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and The Hidden Agenda of Social Constructivism
By Norman Levitt
Mathematics, Rutgers University
Posted February 19, 2006
The recent, notorious confrontation,
embodied in the Kitzmiller v. Dover case, between Creationism (in the
guise of "Intelligent Design Theory") and biological science was notable for
many things, not least among them the dissolution of standard political
categories. The decision itself
confronted us the startling image of Judge J. Jones, a conservative Republican
and a recent Bush appointee to boot, coming forth with an opinion that in its
unquestioning deference to the "establishment" clause of the First Amendment,
its pervasive concern for civil liberties, and its determination to maintain a
materialist, naturalistic definition of science, seemed to have come straight
out of a secular-humanist handbook.
There were some assertions with which a hard-core monist might quibble,
specifically, that there is no real conflict between science, evolutionary
and otherwise, and religion as such.
But these were minor diplomatic gestures, and did little to shield
theocratic pretensions from the decision's thrust.
On top of that, the post-trial school
board election that preceded the decision by a few weeks revealed the massive
defection of a largely conservative and Republican community to the Democratic
column and to an explicitly liberal view of church-state relations, clearly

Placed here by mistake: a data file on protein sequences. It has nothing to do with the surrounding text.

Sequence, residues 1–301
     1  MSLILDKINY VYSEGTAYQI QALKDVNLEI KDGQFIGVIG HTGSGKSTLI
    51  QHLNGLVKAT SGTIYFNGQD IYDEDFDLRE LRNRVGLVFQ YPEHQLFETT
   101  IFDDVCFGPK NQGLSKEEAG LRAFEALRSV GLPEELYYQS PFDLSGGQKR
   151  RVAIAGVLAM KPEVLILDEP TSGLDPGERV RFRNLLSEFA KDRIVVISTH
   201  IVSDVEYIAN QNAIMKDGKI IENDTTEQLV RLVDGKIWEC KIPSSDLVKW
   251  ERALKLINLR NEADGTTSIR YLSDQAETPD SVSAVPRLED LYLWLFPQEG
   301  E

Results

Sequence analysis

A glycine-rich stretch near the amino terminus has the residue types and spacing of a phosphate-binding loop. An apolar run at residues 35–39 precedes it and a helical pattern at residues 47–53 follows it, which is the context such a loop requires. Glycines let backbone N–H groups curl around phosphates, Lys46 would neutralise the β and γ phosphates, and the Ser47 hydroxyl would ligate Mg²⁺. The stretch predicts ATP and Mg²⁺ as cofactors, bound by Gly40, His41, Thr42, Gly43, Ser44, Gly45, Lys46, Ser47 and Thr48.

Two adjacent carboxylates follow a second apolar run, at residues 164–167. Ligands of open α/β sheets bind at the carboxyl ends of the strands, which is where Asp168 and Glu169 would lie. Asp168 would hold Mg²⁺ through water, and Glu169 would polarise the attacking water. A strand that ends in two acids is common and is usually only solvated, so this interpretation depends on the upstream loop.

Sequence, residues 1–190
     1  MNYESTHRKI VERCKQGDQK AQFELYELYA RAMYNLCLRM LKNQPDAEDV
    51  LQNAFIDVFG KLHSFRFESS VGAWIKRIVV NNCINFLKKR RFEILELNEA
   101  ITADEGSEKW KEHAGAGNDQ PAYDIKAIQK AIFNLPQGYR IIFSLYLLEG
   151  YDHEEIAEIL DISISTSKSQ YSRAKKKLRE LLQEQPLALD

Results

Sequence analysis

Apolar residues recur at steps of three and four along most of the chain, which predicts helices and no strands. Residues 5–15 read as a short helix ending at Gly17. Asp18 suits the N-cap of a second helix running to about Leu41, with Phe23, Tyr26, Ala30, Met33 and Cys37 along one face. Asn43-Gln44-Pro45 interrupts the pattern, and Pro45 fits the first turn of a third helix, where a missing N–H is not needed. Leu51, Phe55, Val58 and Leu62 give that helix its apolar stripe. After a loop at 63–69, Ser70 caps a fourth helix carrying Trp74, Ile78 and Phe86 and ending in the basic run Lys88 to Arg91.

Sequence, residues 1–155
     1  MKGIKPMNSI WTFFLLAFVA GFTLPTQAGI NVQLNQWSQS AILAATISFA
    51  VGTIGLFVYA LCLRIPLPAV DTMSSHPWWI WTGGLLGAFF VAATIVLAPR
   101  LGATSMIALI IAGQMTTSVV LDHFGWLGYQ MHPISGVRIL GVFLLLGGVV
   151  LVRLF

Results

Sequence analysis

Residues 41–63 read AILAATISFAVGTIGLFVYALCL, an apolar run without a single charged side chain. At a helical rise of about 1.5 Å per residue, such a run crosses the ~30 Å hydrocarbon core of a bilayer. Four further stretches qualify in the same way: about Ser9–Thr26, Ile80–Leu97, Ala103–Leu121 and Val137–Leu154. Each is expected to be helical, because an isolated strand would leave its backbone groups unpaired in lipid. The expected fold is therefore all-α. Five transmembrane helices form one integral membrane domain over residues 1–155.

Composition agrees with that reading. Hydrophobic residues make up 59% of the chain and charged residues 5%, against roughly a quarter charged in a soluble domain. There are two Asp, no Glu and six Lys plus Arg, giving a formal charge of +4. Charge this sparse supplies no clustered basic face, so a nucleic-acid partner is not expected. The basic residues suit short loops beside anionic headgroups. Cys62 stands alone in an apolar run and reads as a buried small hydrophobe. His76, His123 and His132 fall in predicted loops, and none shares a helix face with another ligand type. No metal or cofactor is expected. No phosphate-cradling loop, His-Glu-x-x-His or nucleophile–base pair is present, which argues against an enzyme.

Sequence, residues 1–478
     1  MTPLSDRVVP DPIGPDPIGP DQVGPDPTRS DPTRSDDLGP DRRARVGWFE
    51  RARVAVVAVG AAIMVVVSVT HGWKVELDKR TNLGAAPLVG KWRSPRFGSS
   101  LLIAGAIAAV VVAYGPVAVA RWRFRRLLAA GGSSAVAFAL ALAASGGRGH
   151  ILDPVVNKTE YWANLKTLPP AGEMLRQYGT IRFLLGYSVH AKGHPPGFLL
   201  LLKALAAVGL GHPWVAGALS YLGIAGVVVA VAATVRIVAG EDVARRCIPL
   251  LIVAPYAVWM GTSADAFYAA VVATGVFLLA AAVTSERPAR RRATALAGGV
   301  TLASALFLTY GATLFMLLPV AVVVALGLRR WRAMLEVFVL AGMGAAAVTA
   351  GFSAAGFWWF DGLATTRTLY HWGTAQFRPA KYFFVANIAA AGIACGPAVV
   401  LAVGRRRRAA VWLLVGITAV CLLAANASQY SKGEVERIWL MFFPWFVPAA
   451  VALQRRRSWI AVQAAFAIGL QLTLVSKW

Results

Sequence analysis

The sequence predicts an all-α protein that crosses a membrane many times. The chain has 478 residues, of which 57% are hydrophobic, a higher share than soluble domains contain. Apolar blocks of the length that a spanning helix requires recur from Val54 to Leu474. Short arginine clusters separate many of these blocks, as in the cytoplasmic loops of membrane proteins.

rejecting the theocratic bullying of the previous board. Moreover, the case itself had the
effect of prying some prominent conservative thinkers away from their
previously unquestioned allegiance to the Christian Right.
Yet the trial itself put on display a
contrary anomaly, slight in its overall legal significance yet striking in its
reversal of familiar dichotomies.
That anomaly, to give it a personal name, was Professor Steve Fuller, an
American academic now in the sociology program of the UK's University of
Warwick, who provided an aggressive and cocksure rationale for the Dover
Board's position and for the "Intelligent Design" program in general.
Philosopher turned sociologist
Fuller, who has a degree in philosophy of
science, has long been a strident, insistent voice in the "science studies"
movement that has insinuated itself into the European and American scholarly